Former Vice President Cheney says that President Obama's reversal of Bush-era terrorism policies endangers American security. The Obama administration, he charges, has "moved to take down a lot of those policies we put in place that kept the nation safe for nearly eight years from a follow-on terrorist attack like 9/11." Many people think Cheney is scare-mongering and owes President Obama his support or at least his silence. But there is a different problem with Cheney's criticisms: his premise that the Obama administration has reversed Bush-era policies is largely wrong.
From MEMRI: According to reports in the West, Iranian President Mahmoud Ahmadinejad toned down his speech at the Durban Review Conference, held April 22-24, 2009 in Geneva, due to public criticism. However, when he returned to Iran he stepped up his anti-West and anti-Israel statements.
You are very wise to have kept the U.S. delegation to the Durban II "human rights" conference in Geneva at home. Indeed, your statement about wishing that yourself and the country could "be involved in a useful conference that addressed the continuing issue of racism and discrimination around the globe" speaks for almost all Americans. Alas, the first hours of the five day conference proved the sagacity of your skepticism.
I just landed in Geneva, where I will be spending the next week reporting from the UN Durban Review Conference. The confab is a follow-up to the 2001 World Conference Against Racism, Racial Discrimination, Xenophobia and Related Intolerance (which took place in Durban, South Africa). For most of our readers (okay, mostly for the Jews out there), "Durban" has become short-hand for the anti-Semetic and anti-Israel debacle that erupted there and compelled the American and Israeli delegations to storm out in protest.
The Obama administration sent a delegation to Geneva to see if the United States could participate in any way in Durban II. Well, it wasted some air fare and hotel charges. But it found that there was no way that American could or should join in what was clearly to turn into a hate fest: against western democracies, liberals, Israel, Jews and--surprise--the United States itself. The decision to stay away from the April gathering was made last night and has just begun to filter through Washington. I think the metaphor used to me was that I was being looped in.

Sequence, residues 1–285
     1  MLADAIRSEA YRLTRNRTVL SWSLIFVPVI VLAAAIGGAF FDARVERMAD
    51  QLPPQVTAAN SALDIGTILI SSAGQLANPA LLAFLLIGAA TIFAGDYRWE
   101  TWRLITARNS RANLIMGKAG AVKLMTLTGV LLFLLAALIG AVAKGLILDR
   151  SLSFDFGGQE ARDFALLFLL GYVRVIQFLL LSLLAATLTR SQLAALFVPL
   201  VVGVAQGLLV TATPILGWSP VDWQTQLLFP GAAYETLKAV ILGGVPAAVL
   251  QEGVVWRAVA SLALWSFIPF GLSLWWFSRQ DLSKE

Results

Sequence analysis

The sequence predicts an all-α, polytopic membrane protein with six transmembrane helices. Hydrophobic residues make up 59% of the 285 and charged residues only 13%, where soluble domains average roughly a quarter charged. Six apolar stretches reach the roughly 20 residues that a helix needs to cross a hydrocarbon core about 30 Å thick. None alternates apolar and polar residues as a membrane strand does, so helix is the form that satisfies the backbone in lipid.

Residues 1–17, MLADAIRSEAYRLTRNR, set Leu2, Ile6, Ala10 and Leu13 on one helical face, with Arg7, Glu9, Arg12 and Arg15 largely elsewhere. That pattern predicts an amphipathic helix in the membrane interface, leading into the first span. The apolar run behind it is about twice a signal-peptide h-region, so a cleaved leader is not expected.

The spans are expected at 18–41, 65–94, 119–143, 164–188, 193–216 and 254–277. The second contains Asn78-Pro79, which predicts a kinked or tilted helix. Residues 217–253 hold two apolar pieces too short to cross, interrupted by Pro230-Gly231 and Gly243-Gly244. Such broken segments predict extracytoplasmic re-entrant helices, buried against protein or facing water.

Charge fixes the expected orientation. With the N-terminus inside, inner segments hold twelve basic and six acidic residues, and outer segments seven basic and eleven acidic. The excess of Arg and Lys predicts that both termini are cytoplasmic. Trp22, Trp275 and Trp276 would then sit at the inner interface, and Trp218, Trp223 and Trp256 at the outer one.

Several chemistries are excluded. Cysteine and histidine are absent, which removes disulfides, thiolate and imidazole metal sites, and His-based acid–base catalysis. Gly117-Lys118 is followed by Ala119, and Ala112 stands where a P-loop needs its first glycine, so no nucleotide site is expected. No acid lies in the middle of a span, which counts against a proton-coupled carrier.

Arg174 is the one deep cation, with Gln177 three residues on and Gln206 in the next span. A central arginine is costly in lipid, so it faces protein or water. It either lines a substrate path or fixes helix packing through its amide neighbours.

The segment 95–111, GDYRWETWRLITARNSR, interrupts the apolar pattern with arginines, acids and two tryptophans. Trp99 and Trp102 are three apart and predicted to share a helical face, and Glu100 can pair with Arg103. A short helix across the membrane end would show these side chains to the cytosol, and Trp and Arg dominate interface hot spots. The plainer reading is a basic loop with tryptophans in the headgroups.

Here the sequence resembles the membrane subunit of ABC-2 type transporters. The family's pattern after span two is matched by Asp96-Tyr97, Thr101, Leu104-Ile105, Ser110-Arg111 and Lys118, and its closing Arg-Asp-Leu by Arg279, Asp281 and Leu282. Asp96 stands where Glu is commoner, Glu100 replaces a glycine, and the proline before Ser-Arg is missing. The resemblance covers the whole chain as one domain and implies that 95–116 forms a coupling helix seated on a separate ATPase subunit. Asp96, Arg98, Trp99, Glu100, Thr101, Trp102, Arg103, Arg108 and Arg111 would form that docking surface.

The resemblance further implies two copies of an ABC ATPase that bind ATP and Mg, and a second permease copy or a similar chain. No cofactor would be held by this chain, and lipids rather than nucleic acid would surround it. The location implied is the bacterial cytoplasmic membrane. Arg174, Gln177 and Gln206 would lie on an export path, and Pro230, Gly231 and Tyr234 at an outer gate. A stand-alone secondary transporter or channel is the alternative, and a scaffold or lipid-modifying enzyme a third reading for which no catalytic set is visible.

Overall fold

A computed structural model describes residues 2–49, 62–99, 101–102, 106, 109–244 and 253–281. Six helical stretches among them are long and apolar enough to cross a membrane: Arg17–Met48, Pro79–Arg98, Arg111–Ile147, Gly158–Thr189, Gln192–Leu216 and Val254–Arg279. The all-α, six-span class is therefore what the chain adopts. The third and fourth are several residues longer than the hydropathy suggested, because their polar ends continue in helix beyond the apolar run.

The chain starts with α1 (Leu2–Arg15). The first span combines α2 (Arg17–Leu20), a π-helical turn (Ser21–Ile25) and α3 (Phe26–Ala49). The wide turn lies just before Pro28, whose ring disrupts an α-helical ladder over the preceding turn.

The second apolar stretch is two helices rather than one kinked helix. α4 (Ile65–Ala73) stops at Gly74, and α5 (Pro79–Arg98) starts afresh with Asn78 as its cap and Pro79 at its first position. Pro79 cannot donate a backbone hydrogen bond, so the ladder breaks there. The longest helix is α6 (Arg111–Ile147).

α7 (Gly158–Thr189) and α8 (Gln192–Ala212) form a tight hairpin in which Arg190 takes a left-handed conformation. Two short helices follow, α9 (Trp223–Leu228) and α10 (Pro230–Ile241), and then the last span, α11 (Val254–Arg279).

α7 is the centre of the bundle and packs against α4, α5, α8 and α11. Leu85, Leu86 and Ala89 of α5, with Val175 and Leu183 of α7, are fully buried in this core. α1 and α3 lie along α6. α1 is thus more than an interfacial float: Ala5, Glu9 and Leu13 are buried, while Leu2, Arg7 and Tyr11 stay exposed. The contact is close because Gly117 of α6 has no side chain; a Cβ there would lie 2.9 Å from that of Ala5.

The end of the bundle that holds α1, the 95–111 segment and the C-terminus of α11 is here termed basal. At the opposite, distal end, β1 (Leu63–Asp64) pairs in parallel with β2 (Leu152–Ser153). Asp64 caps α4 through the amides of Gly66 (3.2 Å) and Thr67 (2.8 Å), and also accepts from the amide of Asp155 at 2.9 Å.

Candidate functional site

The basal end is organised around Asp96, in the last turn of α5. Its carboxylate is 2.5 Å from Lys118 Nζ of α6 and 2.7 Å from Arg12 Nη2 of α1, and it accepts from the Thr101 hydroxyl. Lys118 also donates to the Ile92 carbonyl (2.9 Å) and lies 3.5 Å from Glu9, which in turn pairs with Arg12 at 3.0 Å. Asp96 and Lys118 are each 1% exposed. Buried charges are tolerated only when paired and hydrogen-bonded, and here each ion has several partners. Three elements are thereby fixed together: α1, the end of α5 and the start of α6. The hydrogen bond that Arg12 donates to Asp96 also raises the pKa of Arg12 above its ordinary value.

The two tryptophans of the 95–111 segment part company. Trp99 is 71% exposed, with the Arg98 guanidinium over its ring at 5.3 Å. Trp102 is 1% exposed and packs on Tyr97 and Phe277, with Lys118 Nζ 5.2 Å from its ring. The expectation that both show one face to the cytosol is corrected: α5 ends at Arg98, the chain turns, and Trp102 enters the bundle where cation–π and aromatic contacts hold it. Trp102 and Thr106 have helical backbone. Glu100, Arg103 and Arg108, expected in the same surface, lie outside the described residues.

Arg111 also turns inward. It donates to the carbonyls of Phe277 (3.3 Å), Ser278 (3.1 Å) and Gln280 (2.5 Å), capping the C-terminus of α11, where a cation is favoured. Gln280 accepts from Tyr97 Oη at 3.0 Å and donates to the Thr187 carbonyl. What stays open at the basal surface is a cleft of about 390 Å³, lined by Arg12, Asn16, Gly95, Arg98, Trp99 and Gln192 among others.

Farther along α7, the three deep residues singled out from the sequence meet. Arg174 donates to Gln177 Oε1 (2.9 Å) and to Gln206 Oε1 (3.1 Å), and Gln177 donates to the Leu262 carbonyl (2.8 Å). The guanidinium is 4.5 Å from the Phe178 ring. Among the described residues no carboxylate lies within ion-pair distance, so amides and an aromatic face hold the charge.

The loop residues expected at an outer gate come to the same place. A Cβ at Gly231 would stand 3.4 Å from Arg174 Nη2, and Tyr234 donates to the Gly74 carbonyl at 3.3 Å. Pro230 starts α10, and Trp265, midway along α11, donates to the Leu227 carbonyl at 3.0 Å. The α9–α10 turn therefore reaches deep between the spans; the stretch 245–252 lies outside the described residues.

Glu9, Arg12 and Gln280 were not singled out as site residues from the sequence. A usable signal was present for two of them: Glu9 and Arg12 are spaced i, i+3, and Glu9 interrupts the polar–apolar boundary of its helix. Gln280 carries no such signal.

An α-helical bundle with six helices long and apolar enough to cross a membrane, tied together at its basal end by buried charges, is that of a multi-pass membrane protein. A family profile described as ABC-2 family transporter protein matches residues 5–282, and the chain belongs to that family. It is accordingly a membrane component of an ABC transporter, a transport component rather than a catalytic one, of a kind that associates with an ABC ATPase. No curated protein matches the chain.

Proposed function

On his first day in office, President Barack Obama will head to the situation room for a video conference with his most important commander, General David Petraeus. If the conversation is chilly, it is not just the awkwardness of virtual chatting. Obama and Petraeus have a history. While Obama has called for withdrawing U.S. forces from Iraq, Petraeus oversaw the deployment of more than 30,000 additional troops. To win support from the left, Obama postured as a skeptic of the general's Iraq strategy during congressional hearings.
He was, in short, a modern medical doctor.
I have liked John McCain ever since I met him almost a decade ago. At the time, I was writing a profile of then-Senator Fred Thompson, who was rumored to be considering a run for the presidency. I had been playing phone tag with the press secretaries of senators friendly with Thompson and was getting nowhere. I decided that, instead of calling McCain's office, I would drop by. I spoke to one of his aides, who asked me whether I had time to see the senator then.
With George W. Bush’s diminished popularity, embattled Republican candidates have mastered the fine art of knifing their titular leader. But these commonplace acts of betrayal usually reside in the realm of mere symbolism—a presidential photo-op carefully avoided, a potshot at Donald Rumsfeld. They don’t involve sinking the president’s number-one policypriority and shredding his ace-in-the-hole election strategy.